How to Lead from Where You Are

You don’t need a title to prepare for leadership.

How to Lead from Where You Are

Don’t wait for someone else to give you leadership experience; it may never happen. You can be a leader even if you’re not the boss. Cultivate these leadership qualities so you’re ready to take charge when the time comes. 

The greatest danger of not being in charge and waiting around until you are is that you never learn to risk or fail and how to handle that experience.

Clay Scroggins

1. Understand Your “Whys” 

Effective leaders do the work of understanding their own motivations and goals. Take time to figure out your strengths and in what areas you might be able to make contributions with the greatest impact.

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Some people are good at analyzing data, others are “people” people, still others are expert in their own domain. Understanding your own goals will help you recognize or develop opportunities that align with them and keep you motivated. Think about ways to shape your job into one you love through “job-crafting.”

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2. Adopt a “Growth” Mind-Set

A “fixed” mind-set – that you are as intelligent or as skilled as you’ll ever be – undermines possibility thinking. People with a “growth” mind-set welcome challenges. 

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For people with a “growth” mind-set, there is always the possibility of learning and growing. People whose idea of themselves is “fixed” take every failure personally, while those with a “growth” mind-set view setbacks as a learning experience. Once you have an idea of your goals, start learning the competencies you’ll need to attain them. 

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3. Keep Your Eyes and Ears Open for What You Can Improve 

Understand your company’s goals and how your team and your job fits into the larger picture. Understand the resources and authority that are at your disposal and use them to build influence and solve problems. 

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Look for underserved areas in your company’s offerings. Ask questions of colleagues to learn more. You demonstrate your willingness to learn by listening.

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4. Do Your Research

Understand a problem from the perspective of all stakeholders. Identify the goals of your research and list your resources. Design an approach for collecting data.

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Draw a stakeholder map so you know who to direct questions to in order to get the benefit of their insight and expertise. Your team members and colleagues are the greatest resource you have access to. Be sure to take advantage of their wisdom and feedback. 

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5. Make a Plan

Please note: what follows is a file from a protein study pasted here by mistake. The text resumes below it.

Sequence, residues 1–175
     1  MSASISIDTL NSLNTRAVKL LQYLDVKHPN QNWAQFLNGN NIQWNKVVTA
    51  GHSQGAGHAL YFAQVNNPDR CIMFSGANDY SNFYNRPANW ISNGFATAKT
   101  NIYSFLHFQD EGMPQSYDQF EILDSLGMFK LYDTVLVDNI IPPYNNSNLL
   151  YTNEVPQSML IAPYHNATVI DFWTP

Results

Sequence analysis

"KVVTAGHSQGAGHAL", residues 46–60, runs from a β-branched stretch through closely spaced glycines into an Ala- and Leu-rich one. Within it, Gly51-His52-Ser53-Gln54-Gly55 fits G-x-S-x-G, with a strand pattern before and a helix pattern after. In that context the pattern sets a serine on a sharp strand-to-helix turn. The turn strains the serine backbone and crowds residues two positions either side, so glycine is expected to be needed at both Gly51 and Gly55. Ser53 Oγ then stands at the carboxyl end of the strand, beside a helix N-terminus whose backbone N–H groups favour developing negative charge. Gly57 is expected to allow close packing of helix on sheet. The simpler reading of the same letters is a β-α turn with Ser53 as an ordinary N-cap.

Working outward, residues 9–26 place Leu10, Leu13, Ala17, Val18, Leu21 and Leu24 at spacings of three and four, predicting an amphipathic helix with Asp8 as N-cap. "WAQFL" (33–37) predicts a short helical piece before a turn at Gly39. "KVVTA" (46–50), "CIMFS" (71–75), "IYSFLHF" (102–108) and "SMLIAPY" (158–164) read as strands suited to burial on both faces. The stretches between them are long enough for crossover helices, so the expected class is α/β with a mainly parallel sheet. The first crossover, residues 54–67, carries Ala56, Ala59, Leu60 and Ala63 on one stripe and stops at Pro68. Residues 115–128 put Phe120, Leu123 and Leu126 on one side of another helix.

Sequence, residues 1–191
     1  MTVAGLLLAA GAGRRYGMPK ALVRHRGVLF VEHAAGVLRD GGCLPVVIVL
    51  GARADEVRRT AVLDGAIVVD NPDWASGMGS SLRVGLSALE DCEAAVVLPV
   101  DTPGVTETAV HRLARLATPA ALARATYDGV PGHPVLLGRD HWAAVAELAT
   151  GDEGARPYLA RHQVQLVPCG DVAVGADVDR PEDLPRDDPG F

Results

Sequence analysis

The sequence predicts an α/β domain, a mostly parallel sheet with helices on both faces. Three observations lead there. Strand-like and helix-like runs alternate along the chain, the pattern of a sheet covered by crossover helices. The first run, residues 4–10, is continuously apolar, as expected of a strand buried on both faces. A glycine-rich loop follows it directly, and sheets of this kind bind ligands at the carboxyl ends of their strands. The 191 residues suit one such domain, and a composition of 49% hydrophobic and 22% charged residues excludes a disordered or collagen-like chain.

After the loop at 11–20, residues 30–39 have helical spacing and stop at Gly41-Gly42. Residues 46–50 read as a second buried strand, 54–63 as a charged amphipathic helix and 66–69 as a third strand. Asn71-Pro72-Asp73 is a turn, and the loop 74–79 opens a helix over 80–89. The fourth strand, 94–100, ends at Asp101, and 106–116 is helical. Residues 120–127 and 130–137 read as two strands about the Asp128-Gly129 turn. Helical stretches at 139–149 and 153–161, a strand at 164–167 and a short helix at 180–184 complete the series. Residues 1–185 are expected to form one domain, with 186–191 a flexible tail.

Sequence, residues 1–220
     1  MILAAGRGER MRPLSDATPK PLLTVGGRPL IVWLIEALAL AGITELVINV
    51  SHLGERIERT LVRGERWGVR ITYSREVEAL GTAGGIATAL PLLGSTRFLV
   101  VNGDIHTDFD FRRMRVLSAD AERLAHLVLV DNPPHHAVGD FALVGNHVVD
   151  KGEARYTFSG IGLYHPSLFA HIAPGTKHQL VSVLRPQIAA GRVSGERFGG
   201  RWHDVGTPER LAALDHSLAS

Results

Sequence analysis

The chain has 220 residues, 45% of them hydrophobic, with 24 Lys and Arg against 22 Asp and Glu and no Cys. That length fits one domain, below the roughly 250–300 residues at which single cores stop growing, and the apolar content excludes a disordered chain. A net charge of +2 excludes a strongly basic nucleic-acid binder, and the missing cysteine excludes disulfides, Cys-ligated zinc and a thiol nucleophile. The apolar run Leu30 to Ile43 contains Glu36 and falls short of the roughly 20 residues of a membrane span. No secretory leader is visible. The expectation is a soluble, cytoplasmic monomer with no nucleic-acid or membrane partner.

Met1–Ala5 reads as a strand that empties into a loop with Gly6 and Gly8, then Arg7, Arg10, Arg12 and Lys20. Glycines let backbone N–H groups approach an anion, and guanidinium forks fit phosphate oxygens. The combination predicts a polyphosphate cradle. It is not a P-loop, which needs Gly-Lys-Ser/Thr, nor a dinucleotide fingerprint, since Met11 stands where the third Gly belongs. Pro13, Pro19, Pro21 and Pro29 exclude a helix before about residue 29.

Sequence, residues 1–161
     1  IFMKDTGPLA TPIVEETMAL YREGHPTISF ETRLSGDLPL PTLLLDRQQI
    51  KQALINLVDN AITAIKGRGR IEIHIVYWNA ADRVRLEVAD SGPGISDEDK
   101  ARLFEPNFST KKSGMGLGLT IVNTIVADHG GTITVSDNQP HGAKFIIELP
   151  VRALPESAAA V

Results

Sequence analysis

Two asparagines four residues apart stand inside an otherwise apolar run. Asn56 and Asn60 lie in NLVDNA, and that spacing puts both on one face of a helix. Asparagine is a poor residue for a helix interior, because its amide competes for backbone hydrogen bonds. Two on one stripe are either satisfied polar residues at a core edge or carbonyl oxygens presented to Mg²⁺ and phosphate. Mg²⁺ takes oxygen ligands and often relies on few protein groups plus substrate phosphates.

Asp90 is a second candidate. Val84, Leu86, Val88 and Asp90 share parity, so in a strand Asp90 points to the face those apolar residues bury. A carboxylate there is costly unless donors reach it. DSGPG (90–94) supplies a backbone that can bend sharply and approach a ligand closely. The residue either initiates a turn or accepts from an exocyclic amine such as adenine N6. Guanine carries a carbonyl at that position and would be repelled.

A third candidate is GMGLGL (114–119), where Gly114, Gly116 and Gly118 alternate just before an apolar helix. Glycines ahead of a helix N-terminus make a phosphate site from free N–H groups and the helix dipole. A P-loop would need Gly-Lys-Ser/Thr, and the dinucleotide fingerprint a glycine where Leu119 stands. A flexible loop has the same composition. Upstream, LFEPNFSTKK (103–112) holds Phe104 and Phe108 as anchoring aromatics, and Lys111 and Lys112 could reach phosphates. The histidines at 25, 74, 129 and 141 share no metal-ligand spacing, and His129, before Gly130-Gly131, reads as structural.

Discuss your proposal informally with your boss and colleagues. Listen respectfully to their input and incorporate good ideas. You’ll grow support for your idea and expand your network along the way.

Your beliefs about your ability to learn are where it all starts. They influence your motivation, your level of effort, your desire to persist and your openness to feedback.

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Create a proposal that outlines the problem and your proposed solution. Emphasize the value of your proposal, but also include the nuts and bolts of what needs to happen for implementation. 

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Presenters should consider how they want their audience to respond to their presentation. Do they want them to act in a particular way or change how they think?

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6. Balance Practicality and Vision and Have a Bias for Action 

Lead by example. Be willing to speak up when you have an idea or potential solution to a problem.

Leading up isn’t about rebellion or usurpation; it is about stepping into the breach when there is no one else to do it and about listening to such leadership when it emerges.

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Think about leaders you admire and their characteristics, and strive to model their behavior in your own life.

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You never know when your company may ask you to step up into leadership, so prepare yourself. 

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To execute plans, make sure they are clear, achievable and measurable, with short-term milestone goals.

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7. Be a Team Player

Be willing to take personal responsibility for your work and also for any team efforts you lead. By the same token, be sure to highlight the contribution of others: Don’t hog credit. Don’t ask other people to do something you’re not willing to do yourself.

Most, if not all, of the great works of our species have been team efforts.

Adam Steltzner and William Patrick 

While you cultivate the practical skills required of leadership, keep in mind the traits every great leader has in common: courage, a sense of honor and loyalty.

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Get some project management tips or brush up on your social skills:

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